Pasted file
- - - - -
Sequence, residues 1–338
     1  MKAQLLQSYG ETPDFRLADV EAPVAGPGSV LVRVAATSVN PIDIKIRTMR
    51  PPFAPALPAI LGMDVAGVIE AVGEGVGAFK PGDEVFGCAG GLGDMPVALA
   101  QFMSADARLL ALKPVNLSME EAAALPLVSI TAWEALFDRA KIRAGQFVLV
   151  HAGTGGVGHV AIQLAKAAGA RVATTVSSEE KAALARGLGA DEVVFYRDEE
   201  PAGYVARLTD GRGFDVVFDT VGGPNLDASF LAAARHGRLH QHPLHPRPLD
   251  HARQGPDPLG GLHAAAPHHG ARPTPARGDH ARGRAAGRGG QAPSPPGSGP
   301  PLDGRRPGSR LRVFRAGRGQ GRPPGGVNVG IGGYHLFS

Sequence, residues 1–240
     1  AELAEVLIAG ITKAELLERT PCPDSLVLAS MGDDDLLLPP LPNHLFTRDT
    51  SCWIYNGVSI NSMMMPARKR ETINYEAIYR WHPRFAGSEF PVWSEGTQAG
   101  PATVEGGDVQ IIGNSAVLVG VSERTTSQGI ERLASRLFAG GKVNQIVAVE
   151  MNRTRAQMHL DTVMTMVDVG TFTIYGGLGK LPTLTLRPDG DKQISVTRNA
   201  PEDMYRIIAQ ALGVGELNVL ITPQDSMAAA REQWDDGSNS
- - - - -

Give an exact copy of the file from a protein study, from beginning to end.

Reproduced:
Sequence, residues 1–338
     1  MKAQLLQSYG ETPDFRLADV EAPVAGPGSV LVRVAATSVN PIDIKIRTMR
    51  PPFAPALPAI LGMDVAGVIE AVGEGVGAFK PGDEVFGCAG GLGDMPVALA
   101  QFMSADARLL ALKPVNLSME EAAALPLVSI TAWEALFDRA KIRAGQFVLV
   151  HAGTGGVGHV AIQLAKAAGA RVATTVSSEE KAALARGLGA DEVVFYRDEE
   201  PAGYVARLTD GRGFDVVFDT VGGPNLDASF LAAARHGRLH QHPLHPRPLD
   251  HARQGPDPLG GLHAAAPHHG ARPTPARGDH ARGRAAGRGG QAPSPPGSGP
   301  PLDGRRPGSR LRVFRAGRGQ GRPPGGVNVG IGGYHLFS

Sequence, residues 1–240
     1  AELAEVLIAG ITKAELLERT PCPDSLVLAS MGDDDLLLPP LPNHLFTRDT
    51  SCWIYNGVSI NSMMMPARKR ETINYEAIYR WHPRFAGSEF PVWSEGTQAG
   101  PATVEGGDVQ IIGNSAVLVG VSERTTSQGI ERLASRLFAG GKVNQIVAVE
   151  MNRTRAQMHL DTVMTMVDVG TFTIYGGLGK LPTLTLRPDG DKQISVTRNA
   201  PEDMYRIIAQ ALGVGELNVL ITPQDSMAAA REQWDDGSNS